This past summer I was lucky enough to teach two summer camps for 4 – 5 year olds at the Carnegie Museum of Art; Mini Monets and Art Cat’s Kitchen.
In Mini Monets, students learned basic facial anatomy and created self-portraits. They were particularly interested in the deep spaces of the skull and loved to feel along their face as we discussed each feature, comparing their own face to the model skull that we had in the classroom. After completing the underdrawing, students used mark making methods discussed in the galleries to add oil pastel color to the face. The portraits were cut out and placed on landscape paintings that each child created. The drawing for each landscape was created ‘en plein air’ (in open air) near the entrance to the library and the painting was done in the studio using tempra cakes.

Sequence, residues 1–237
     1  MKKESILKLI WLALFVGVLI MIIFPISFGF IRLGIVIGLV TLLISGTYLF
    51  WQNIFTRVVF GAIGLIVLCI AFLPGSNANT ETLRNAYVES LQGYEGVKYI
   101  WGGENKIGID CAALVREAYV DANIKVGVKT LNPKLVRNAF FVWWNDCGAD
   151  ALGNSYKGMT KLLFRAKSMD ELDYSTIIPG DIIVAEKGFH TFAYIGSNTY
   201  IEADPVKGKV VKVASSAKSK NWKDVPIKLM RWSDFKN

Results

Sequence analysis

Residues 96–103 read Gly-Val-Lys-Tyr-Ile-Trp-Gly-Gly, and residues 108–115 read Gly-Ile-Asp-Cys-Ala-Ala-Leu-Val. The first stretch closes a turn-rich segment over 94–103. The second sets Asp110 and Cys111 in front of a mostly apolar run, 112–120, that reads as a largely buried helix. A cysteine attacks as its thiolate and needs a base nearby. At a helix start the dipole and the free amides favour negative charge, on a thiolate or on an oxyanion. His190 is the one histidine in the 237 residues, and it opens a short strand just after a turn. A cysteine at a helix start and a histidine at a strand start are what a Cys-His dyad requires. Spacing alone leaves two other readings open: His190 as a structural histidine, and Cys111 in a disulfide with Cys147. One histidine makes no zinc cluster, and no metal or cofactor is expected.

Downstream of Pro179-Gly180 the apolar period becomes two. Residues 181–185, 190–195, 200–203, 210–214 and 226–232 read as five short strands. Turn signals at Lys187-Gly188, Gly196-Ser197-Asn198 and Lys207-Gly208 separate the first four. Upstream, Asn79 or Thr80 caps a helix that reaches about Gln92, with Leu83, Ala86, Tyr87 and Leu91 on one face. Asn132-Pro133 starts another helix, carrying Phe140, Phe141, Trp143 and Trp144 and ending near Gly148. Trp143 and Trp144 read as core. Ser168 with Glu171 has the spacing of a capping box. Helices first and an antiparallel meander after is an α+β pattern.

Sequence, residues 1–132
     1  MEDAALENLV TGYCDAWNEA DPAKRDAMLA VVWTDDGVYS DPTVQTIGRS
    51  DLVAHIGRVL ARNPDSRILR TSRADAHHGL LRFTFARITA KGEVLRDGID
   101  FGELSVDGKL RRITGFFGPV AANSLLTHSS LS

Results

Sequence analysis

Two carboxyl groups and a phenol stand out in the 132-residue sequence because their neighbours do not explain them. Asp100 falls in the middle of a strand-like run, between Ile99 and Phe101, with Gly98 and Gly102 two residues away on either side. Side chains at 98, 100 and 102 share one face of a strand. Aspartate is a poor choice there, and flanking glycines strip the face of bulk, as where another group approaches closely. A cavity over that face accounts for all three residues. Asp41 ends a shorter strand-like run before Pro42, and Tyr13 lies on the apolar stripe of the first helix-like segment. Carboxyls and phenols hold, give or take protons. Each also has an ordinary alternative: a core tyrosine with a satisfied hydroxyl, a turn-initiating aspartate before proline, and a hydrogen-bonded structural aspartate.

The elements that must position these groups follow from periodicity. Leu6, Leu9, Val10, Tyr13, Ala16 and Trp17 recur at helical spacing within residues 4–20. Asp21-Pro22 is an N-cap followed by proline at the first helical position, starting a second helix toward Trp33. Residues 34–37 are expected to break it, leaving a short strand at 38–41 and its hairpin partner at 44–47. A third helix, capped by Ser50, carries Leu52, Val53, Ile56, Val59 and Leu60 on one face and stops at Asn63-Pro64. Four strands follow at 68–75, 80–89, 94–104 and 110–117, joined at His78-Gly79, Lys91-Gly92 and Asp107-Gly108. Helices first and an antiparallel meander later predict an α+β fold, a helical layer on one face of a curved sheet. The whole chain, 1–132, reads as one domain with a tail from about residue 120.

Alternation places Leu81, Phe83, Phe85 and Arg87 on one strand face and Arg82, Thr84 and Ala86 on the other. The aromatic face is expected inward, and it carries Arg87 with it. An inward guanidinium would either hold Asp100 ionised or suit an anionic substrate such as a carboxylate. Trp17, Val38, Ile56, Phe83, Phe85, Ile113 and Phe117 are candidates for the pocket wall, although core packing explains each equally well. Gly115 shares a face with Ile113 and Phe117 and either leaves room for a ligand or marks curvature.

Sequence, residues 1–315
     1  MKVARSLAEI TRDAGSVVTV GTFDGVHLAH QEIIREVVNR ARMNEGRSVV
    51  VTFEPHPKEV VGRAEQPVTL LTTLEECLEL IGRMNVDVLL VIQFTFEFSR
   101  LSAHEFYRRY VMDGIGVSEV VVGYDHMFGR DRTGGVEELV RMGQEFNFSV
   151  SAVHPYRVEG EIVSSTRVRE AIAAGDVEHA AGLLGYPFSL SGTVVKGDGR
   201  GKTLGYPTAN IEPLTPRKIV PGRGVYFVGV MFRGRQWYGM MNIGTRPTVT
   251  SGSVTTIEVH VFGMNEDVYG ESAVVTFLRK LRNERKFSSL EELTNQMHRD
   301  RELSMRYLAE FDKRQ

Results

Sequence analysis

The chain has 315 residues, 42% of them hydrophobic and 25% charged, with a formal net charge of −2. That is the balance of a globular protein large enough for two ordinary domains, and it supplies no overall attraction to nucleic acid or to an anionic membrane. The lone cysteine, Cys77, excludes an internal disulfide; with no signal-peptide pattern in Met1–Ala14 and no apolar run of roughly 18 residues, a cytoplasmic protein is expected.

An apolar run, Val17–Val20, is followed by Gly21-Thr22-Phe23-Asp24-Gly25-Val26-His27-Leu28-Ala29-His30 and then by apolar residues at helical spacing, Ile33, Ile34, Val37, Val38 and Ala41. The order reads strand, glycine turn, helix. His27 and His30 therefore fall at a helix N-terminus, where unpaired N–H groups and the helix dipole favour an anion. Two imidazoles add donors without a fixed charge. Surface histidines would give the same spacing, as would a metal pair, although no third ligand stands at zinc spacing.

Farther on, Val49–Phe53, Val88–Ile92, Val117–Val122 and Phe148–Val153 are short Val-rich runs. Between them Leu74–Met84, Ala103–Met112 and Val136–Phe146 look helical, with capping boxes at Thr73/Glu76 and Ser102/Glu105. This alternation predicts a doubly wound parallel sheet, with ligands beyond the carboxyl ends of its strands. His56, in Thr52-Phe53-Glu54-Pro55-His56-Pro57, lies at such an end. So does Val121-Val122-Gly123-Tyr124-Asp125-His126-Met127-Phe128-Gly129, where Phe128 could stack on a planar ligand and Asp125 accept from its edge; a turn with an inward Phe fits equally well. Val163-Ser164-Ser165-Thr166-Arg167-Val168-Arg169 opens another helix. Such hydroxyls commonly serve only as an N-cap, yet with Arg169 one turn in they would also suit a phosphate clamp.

I couldn’t resist using shaving cream painting with this group. The puffy paint really lended itself to the impasto surface made famous by the Impressionists and Post-Impressionists. The students were able to blend together the milky pastels to create beautiful abstract landscapes inspired by Monet’s Waterlilies.